Australian Vioxx Trial Continues

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Motel Hell psp trial that is ongoing in Australia and which has shed new light on the questionable tactics Merck & Co. used to market the dangerous painkiller has, said the Australian, involved a leading American cardiologist who testified that Vioxx played a “substantial contributing role” to the heart attack suffered by a 58-year-old Australian.

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Vioxx was approved for use in the U.S. in 1999 and quickly became a blockbuster for Merck, with annual sales of $2.5 billion. The painkiller was pulled off the market in 2004 after an analysis of patients using Vioxx linked the defective drug to more than 27,000 heart attacks or sudden cardiac deaths in the U.S. from 1999 through 2003. Vioxx was also recalled in more than 80 countries that year. The Vioxx recall spawned thousands of product liability lawsuits and in 2007, Merck agreed to settle most U.S. Vioxx claims for $4.85 billion. But, Merck continues to defend lawsuits in other countries, including Australia.

According to Douglas Zipes’— a cardiologist from Indiana University—testimony, he “strongly believed” Vioxx was a significant contributing factor in Graeme Peterson’s –a 58-year-old former Australian Navy Officer—2003 heart attack. The class action is against U.S. Vioxx manufacturer Merck & Co as well as its Australian subsidiary Merck, Sharp and Dohme, said The Australian. Richard Harper, from Melbourne’s Monash University told the court that Vioxx “exacerbated” Peterson’s risk factors saying, “I believed Vioxx doubled his risk of heart attack. It increased the risk of someone who was already at a high risk,” quoted The Australian. The Australian reported that other experts found no so-call physical “footprint” to prove Vioxx caused the heart attack, citing other risk factors. One of the claims being made in the large class action is that Merck was aware of Vioxx’s cardiovascular risks long before the drug’s withdrawal from the market.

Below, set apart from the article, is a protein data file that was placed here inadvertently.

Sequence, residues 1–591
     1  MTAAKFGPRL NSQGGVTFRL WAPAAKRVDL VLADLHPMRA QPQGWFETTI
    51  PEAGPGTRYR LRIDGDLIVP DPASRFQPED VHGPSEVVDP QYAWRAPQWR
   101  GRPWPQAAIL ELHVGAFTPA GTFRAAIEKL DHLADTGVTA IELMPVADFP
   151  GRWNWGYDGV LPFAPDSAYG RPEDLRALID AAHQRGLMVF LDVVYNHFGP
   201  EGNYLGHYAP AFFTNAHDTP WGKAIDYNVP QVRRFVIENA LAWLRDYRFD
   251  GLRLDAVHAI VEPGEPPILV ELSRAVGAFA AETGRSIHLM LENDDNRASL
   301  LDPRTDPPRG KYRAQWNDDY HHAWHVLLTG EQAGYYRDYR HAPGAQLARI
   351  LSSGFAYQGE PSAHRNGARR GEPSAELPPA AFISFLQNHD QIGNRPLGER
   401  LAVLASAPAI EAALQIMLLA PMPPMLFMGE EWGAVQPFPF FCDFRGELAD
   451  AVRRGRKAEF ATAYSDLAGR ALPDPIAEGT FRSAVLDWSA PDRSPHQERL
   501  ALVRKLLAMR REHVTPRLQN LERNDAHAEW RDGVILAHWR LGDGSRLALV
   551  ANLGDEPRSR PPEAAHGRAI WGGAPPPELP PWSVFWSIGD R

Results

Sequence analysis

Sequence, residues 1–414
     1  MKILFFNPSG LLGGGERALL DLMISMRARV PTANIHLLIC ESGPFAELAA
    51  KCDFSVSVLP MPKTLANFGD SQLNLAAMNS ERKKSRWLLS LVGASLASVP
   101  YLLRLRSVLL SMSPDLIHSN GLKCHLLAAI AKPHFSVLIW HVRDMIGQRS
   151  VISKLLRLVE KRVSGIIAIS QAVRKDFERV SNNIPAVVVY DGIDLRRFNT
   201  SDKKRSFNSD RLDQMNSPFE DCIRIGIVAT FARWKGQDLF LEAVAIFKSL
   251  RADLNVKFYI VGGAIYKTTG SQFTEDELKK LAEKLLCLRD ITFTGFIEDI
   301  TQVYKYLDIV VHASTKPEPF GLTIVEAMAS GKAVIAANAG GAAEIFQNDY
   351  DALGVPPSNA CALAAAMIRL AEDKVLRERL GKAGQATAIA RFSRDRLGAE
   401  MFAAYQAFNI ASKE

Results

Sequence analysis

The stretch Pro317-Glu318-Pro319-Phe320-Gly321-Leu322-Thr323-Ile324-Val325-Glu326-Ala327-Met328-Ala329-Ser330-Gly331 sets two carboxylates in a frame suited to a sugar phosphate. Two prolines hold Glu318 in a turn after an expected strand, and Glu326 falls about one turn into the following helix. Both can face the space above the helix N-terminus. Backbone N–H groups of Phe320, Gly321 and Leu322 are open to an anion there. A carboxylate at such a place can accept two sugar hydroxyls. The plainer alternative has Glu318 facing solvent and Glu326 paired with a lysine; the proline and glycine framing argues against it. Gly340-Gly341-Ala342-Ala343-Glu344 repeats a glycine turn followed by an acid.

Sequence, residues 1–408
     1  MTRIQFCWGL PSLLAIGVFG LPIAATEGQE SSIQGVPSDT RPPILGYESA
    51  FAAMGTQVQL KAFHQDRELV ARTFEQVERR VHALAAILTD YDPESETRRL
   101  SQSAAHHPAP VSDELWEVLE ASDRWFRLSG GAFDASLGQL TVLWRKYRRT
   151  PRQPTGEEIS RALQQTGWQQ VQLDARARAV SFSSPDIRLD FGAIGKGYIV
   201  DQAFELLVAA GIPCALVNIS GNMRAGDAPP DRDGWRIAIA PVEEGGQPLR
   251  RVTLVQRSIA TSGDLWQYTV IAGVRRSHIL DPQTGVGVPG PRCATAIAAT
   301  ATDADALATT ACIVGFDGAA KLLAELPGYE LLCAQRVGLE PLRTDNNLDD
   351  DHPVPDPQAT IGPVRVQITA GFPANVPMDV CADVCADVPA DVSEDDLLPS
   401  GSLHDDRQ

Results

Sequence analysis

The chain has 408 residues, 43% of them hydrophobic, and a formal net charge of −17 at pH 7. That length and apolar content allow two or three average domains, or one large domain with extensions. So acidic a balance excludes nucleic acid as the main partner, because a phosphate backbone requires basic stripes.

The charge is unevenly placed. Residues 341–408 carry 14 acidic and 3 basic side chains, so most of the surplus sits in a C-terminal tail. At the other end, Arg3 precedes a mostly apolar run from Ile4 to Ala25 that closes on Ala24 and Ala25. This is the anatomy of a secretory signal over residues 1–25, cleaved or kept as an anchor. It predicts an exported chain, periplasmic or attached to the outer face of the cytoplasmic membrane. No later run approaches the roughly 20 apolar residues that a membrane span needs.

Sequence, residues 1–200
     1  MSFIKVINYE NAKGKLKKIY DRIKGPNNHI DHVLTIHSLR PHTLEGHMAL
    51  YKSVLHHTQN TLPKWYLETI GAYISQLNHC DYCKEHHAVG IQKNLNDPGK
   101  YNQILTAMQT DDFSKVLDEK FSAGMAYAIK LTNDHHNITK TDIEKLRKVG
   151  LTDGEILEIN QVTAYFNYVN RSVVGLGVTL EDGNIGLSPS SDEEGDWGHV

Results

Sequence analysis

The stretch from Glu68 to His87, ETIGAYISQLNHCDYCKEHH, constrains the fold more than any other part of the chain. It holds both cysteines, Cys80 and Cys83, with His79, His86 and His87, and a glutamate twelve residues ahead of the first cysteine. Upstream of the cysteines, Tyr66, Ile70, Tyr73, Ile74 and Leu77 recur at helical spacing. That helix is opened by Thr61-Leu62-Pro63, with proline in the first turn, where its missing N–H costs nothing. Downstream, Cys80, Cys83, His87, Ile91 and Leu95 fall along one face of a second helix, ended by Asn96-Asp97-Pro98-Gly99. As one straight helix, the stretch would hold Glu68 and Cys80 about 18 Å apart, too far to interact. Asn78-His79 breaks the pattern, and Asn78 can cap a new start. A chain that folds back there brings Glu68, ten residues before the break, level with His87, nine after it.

Meanwhile, recently the Australian Vioxx trial also revealed that Merck paid so-called nurses to look through medical records in search of potential Vioxx patients, said BNET in a prior report. According to the Australian court, the nurses accessed patient records without obtaining physician permission in the hopes of garnering 100 patients per doctor, explained BNET. Patients were sought who were not taking, but were seen as potential candidates to take, Vioxx, said BNET, citing a prior The Australian report.

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It seems, said The Australian, that the drug giant urged pharmacists to recommend Vioxx to those patients who were prescribed paracetemol by providing them with free copies of the Merck manual, according to BNET. Merck also apparently put on a year-end “skit” in which Merck sales reps mocked the Journal of the American Medical Association. The Journal published an article discussing Vioxx and issues with its cardiovascular side effects, said BNET.

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News of the skit is somewhat ironic, especially given recent reports on one of the most shocking tactics used by Merck to push Vioxx in Australia: The use of a fake medical journal. The journal, published by Elsevier, was offering it like other peer-reviewed medical journals, but contained only reprinted or summarized articles, all of which presented Merck products, including Vioxx, in a favorable light. According to an earlier New York Times piece, Merck published several issues of the “journal,” entitled Australasian Journal of Bone and Joint Medicine, between 2002 and 2005, presenting the journal to doctors as a real medical journal.

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